The King of a small state in the south of India used to meditate every day on himself as a servant of God. He limited the satisfaction of his desires to what he thought appropriate to a servant, and practised a servant’s simplicity of life. After some years, this practice produced in him extraordinary energy and clear-sightedness; his kingdom was a success internally, and the neighbouring kings soon found it did not pay to venture to extend their territory.
The king’s spiritual adviser (though not his Teacher) was one of his ministers, to whom the king owed, and knew that he owed, a good deal of his success. This minister was an advanced practicant of meditation.
One day the king learned, by chance, that the minister’s own form of meditation was on the self as infinite shining space. He told the minister that he would like to go on to this higher form of meditation, but the minister advised him against it. “It would not accord with your present role,” he told him. The king was a little put out, and retorted, “If you can say this and meditate on it, I can do so too. Why shouldn’t IT’
The minister said, “You can say it, of course. But it will not have any effect unless the one who says it is qualified for it.” “What has qualification to do with it?” cried the king. “The words are bound to have their effect.”
The minister beckoned to the king’s bodyguard, who stood on the far side of the room. The man came running up and stood at attention.
“Slap his face!” said the minister in a firm voice. The bodyguard’s jaw dropped in astonishment.
“You heard me, didn’t you? Slap his face!” ordered the minister sharply.
The bodyguard closed his mouth firmly and stood motionless, his eyes fixed on the king.
The minister turned to the king: “You say it.”
“Slap his face,” said the king in a low voice. Instantly the bodyguard’s hand landed in a loud smack on the minister’s cheek. The king waved him away-“Not so hard, not so hard.” After a little silence, the minister said quietly, “You see?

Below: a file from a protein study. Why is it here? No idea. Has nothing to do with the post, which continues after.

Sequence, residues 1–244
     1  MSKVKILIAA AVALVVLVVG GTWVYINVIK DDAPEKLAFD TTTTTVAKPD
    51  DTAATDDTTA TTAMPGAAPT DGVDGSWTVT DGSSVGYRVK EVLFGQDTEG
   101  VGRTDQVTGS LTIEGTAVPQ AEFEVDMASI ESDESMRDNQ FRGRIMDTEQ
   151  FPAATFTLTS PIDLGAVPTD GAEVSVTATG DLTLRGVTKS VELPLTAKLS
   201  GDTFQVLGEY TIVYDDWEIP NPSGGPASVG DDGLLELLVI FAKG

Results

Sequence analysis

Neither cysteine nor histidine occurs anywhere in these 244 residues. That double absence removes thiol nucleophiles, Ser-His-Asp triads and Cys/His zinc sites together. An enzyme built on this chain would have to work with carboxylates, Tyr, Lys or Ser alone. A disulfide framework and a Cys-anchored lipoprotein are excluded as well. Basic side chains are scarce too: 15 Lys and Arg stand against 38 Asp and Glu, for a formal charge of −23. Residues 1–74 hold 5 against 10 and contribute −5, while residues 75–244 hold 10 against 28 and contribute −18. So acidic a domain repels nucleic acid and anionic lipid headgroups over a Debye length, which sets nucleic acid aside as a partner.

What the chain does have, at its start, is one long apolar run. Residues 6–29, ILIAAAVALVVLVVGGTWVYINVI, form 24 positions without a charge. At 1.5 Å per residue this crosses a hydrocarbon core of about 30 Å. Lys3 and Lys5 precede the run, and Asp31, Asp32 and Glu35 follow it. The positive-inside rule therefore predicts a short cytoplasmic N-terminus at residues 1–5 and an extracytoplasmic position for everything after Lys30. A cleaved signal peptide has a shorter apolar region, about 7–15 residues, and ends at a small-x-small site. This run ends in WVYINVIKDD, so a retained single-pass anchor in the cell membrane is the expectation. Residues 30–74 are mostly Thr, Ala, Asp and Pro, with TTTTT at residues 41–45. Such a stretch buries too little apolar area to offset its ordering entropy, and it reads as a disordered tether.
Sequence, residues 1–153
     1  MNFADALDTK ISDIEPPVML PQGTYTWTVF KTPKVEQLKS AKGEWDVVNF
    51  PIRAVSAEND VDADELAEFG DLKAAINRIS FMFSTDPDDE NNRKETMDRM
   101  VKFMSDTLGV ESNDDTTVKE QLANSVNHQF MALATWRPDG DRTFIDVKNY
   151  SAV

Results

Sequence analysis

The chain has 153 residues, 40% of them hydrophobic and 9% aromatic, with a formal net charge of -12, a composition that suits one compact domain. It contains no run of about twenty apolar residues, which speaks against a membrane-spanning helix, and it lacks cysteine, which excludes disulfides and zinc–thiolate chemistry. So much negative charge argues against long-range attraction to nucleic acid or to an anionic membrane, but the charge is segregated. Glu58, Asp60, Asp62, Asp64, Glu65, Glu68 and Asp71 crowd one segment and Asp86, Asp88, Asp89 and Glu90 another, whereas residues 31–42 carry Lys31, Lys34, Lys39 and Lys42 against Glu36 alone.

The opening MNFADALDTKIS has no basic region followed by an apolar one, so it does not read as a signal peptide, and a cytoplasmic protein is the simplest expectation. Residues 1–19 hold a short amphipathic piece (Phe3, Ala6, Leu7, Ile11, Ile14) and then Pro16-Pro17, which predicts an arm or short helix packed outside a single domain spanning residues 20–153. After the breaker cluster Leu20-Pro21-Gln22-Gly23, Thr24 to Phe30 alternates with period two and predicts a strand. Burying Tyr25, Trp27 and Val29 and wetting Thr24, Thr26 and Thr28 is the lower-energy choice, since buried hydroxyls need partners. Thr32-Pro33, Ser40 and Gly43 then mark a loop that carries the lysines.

We spoke the same words, but you were qualified, and I was not. So the words you spoke were effective. But what I said would not have been effective, even if I had repeated them a thousand times, because I did not have the qualification to say them. It’s the same with spiritual truths.”
A man used to complain to his Teacher that he couldn’t meditate. “I can’t hold my thought on it for long-I start thinking what we will be having for breakfast, or some argument we’ve had in the family, or whether I shall be transferred at work.”
One day the Teacher suddenly blazed up and shouted, “I’m the fool, to have taken on a fool like you at all! I’m going to finish with you-why should I go on? Come back tomorrow, and unless you can give me one good reason why I should still see you, you can take your things and go.”
The pupil tried to stammer an apology but the Teacher cut him short and physically pushed him out.
That night he could not sleep: he was wondering what he could do to get the Teacher to keep him on. Next day he brought a present for him, and timidly gave it to the attendant, who then announced his name.
The Teacher came out quickly and said, “Come in and sit down. How have you been?”
He answered, “I could not sleep for thinking how I could appeal to you please keep me on. I can’t give any reason, but please keep me as your pupil.”
“You couldn’t sleep for thinking about it? That’s good. That’s what you needed,” the Teacher told him. “When you have trouble with your mind, think back to that, and meditate with the same earnestness. You’ve learnt what it means to meditate.”